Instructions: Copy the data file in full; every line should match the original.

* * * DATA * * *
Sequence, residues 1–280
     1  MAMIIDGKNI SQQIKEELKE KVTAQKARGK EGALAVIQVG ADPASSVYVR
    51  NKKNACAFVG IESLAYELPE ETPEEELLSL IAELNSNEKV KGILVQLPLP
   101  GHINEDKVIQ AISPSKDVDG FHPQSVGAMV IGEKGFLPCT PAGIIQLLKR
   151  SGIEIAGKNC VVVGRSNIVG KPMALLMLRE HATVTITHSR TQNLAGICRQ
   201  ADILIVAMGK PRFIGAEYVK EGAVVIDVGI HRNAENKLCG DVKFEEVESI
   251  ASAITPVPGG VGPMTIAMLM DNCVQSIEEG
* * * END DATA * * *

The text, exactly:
Sequence, residues 1–280
     1  MAMIIDGKNI SQQIKEELKE KVTAQKARGK EGALAVIQVG ADPASSVYVR
    51  NKKNACAFVG IESLAYELPE ETPEEELLSL IAELNSNEKV KGILVQLPLP
   101  GHINEDKVIQ AISPSKDVDG FHPQSVGAMV IGEKGFLPCT PAGIIQLLKR
   151  SGIEIAGKNC VVVGRSNIVG KPMALLMLRE HATVTITHSR TQNLAGICRQ
   201  ADILIVAMGK PRFIGAEYVK EGAVVIDVGI HRNAENKLCG DVKFEEVESI
   251  ASAITPVPGG VGPMTIAMLM DNCVQSIEEG